When we talk about technology, network separation, and a clean data backup concept are important. With this, I mean cascaded data storage when the company’s data is critical. A media break can slow down or stop the spread of ransomware. We have to ensure that ransomware can’t access the backup of our data. This way the encryption of live data hits us less hard.

 

Of course, data backup only helps to a limited extent if the attacker was able to copy unencrypted business data. Unfortunately, this is increasingly the case today.

After a ransomware attack, many companies are faced with the decision “pay or not“? What’s your advice?

 

Seyfarth: The Federal Office for Information Security clearly advises against this. The FBI strongly advises against it. Yet even public administrations and courts have paid a ransom. Why? Quite simple: If I haven’t taken any measures for protection in advance, the consequences for me are so serious that I have to bite the bullet.

 

You have to be aware that even after the ransom has been paid there is no guarantee of normal operation. The danger of being blackmailed again and again exists as long as the weak points have not been closed, or if company data has been copied.

You expect from large concerns strict security measures to protect data and systems from such attacks. How is it possible that they still fall victim to ransomware attacks?

 

Seyfarth: I wouldn’t say that these companies do nothing. Often measures haven been taken, but in reality, they don’t work as intended. There is a backup, but it hasn’t been tested for an emergency, isn’t complete, or has been encrypted by the ransomware. This means for the IT department: testing, questioning, documenting – this costs time, which is often not given to the department. Such a test must be wanted by the management and actively demanded.

 

It becomes critical in many areas where IT budget, time, and expertise are lacking. I often see this in the public sector, in the social sector but also in the healthcare sector. There is often no sufficient backup, no effective virus protection, no sensible encryption, and hardly any preventive measures. It is unbelievable that savings are made here in the wrong places.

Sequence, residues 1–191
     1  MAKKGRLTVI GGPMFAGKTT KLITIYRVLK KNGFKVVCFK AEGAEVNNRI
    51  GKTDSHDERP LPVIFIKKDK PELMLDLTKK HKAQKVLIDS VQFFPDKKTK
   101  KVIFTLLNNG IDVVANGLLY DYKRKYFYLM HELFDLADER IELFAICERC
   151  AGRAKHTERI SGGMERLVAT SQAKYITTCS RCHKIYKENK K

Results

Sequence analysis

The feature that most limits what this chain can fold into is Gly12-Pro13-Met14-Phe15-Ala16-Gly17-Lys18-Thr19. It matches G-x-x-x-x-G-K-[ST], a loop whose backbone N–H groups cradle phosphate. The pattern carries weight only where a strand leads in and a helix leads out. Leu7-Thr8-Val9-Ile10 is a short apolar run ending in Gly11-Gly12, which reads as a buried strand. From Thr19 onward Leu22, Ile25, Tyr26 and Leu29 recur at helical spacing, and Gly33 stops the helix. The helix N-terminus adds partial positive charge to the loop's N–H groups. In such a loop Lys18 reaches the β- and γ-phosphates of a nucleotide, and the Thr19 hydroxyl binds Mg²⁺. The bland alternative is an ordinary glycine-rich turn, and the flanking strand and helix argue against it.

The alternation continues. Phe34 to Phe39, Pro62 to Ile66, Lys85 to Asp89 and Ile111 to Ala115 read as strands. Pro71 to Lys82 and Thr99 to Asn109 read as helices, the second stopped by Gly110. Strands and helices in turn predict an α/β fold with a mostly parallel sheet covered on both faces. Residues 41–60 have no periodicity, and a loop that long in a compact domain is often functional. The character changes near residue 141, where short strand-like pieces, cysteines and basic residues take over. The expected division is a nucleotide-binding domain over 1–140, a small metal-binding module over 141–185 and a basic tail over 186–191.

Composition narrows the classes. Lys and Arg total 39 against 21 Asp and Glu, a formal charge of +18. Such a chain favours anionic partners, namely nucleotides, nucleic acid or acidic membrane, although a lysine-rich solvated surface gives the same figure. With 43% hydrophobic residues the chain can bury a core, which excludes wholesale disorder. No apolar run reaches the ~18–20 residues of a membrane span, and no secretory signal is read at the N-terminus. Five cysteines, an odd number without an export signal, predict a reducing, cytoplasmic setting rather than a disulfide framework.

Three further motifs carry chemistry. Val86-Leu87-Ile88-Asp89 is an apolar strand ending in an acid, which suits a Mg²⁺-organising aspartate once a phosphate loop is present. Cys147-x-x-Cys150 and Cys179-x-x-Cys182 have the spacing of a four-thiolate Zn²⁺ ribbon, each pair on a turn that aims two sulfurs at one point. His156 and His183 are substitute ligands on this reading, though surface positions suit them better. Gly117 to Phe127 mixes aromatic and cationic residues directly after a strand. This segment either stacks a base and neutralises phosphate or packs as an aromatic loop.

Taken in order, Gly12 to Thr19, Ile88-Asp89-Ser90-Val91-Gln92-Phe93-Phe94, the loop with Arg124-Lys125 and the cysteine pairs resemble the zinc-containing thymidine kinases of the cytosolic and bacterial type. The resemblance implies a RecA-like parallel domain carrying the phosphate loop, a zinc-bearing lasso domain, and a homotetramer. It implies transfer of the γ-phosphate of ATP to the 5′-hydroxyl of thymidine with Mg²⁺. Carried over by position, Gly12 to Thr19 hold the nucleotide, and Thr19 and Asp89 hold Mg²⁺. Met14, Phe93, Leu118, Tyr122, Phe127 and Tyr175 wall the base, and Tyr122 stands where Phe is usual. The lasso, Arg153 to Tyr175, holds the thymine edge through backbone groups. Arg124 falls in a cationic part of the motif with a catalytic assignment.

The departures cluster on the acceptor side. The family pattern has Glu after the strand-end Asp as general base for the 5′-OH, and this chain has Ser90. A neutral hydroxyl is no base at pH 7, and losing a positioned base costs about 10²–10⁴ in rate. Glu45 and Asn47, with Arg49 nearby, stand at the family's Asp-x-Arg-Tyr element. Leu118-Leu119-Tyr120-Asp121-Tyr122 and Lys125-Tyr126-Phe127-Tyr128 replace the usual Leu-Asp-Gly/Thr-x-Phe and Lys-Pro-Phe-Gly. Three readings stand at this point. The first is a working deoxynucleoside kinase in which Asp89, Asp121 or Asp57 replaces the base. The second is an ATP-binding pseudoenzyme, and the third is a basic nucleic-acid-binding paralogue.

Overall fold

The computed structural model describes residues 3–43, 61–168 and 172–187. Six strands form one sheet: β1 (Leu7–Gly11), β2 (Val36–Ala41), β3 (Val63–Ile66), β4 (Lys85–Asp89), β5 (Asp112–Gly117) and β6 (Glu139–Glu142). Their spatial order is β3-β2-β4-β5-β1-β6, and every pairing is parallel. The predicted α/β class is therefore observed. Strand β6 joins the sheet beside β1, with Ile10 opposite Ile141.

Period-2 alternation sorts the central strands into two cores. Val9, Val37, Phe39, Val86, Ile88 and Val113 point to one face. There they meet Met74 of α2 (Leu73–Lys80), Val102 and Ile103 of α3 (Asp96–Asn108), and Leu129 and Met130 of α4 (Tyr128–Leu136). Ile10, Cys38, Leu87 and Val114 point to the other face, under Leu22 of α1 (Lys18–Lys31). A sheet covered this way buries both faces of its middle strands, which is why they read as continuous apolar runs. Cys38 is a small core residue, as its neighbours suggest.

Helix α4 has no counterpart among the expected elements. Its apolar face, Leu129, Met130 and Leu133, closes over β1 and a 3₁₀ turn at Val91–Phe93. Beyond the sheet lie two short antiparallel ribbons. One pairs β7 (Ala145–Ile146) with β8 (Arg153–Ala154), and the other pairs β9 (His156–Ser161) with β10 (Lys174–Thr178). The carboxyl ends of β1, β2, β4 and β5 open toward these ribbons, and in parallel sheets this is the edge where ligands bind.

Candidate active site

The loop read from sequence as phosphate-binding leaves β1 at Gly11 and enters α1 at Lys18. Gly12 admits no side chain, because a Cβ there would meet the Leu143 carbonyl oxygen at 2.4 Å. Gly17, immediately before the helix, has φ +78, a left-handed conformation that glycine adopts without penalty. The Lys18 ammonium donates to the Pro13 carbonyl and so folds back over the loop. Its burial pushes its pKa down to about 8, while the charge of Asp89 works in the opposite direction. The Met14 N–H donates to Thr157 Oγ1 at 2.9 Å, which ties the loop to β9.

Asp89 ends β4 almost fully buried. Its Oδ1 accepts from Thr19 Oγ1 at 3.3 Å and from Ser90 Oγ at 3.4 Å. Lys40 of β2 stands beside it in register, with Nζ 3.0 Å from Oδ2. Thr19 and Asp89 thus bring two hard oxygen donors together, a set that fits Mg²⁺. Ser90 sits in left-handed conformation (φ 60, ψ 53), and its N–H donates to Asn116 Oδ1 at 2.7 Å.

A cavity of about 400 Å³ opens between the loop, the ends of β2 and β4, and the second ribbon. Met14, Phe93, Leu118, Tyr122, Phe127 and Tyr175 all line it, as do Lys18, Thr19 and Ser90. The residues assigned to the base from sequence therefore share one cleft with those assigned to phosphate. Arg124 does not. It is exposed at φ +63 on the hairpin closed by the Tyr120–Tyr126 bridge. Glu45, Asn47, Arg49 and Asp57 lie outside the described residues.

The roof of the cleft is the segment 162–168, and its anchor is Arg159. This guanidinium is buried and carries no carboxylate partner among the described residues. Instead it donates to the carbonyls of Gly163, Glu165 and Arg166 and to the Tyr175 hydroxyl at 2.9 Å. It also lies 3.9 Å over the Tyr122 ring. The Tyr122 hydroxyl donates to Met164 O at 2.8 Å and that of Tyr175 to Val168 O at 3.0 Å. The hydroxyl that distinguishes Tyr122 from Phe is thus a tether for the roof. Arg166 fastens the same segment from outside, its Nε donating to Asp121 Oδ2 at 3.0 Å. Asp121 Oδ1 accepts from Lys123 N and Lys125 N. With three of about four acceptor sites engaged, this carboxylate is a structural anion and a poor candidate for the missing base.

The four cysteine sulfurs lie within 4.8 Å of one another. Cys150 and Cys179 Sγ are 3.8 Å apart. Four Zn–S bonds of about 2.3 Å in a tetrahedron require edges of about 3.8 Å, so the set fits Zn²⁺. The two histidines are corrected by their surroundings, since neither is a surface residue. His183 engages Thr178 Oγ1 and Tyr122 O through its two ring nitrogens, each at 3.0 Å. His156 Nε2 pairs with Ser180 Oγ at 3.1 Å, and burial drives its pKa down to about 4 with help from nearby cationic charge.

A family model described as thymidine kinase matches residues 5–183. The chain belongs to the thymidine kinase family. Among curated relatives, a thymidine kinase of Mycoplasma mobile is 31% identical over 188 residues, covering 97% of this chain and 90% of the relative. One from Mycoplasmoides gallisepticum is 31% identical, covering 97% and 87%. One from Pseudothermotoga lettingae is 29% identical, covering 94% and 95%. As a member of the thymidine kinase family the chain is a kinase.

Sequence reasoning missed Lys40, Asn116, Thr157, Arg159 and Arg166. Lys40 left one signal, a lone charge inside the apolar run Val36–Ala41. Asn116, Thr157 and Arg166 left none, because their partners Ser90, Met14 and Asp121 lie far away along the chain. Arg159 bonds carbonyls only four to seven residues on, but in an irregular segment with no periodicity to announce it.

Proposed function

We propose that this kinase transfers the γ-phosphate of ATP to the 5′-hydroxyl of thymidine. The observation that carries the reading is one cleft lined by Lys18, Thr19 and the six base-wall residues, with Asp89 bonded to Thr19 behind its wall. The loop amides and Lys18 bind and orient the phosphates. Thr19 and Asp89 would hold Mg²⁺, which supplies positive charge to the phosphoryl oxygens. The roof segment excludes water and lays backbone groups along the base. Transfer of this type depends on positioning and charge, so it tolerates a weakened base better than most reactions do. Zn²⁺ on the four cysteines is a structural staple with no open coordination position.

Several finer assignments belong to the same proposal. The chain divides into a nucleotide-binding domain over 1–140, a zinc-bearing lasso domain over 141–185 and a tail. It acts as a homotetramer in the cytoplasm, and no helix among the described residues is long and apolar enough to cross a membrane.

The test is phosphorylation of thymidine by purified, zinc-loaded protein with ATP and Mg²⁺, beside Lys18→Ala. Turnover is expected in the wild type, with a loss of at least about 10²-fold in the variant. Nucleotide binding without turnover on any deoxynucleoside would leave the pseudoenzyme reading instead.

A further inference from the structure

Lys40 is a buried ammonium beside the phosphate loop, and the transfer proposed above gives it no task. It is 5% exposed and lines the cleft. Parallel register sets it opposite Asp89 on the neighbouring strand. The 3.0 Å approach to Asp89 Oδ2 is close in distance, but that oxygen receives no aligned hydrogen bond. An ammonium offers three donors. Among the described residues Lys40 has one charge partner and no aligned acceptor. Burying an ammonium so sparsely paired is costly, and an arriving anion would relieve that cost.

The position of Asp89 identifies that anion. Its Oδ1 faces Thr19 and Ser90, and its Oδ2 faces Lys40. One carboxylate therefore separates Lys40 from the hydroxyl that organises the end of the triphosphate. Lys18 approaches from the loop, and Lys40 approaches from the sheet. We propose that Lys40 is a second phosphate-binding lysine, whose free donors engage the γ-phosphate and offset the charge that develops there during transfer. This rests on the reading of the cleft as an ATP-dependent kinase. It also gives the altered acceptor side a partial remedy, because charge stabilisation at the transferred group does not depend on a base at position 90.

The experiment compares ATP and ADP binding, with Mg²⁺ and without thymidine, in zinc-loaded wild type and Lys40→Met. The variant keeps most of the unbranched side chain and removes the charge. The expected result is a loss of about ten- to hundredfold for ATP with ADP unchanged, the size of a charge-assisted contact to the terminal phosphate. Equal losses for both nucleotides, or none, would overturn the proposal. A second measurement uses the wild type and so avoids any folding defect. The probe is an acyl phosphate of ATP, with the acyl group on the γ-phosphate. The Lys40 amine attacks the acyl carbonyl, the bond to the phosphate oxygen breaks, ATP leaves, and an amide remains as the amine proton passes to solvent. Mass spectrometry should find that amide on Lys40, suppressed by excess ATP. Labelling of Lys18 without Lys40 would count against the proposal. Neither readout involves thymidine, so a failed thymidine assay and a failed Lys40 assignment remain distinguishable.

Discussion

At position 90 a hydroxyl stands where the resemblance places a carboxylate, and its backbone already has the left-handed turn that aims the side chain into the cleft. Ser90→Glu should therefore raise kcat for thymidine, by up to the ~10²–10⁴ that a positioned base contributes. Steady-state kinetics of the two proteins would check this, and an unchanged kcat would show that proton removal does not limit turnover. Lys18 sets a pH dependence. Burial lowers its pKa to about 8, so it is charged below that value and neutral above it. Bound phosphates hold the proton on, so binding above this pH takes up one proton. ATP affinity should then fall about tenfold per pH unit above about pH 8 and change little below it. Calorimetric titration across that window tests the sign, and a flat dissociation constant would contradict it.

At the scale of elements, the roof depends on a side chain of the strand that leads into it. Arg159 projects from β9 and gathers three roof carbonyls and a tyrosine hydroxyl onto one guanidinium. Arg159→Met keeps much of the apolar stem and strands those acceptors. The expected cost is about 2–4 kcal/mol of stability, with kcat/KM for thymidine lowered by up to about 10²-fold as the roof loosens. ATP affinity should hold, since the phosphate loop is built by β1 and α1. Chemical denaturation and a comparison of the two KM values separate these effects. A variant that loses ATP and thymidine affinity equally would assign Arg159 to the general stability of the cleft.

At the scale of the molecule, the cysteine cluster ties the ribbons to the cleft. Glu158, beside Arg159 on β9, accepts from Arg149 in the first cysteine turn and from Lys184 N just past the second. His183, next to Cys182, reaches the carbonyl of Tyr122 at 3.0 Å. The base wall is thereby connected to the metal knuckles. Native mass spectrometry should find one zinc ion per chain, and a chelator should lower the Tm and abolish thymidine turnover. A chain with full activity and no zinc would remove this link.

In the public sector often people who lack IT expertise have to make decisions. They would rather build a playground than buy a server or work out a security concept. This is completely understandable from a human and political point of view, but the consequences are unacceptable. Fact is: Without an appropriate budget, without time and without expertise, a responsible person today has no chance of protecting IT infrastructure in a meaningful way.

What do you wish for the IT security sector in the future?

 

Seyfarth: I’d like users and companies to demand a reasonable level of IT security and not live with the fact that certain things don’t work. By this I mean standards of data protection and IT security for all products and services which we buy or use free of charge.

 

We wouldn’t accept that our car’s brakes sometimes work and sometimes not - That’s unthinkable. But in the IT sector, we got to used to things which are actually completely untenable. In this respect, I would especially like to see the courage of users and decision-makers to open their mouths and say clearly “this is not the way to do it“.

About Olav Seyfarth

Mr. Seyfarth is a computer scientist (MSCS), certified Information Security Officer, and certified Data Protection Officer. He already had his first encounter with IT security at school, when grades were manipulated. Since then he has been fascinated by the subject. He has acquired a wide range of knowledge through a variety of activities at Telefónica and SICK, among others. Today he is self-employed as “Datenschutz individuell“ - and with 30 years of professional experience, he is the first contact person for data protection and IT security for his customers.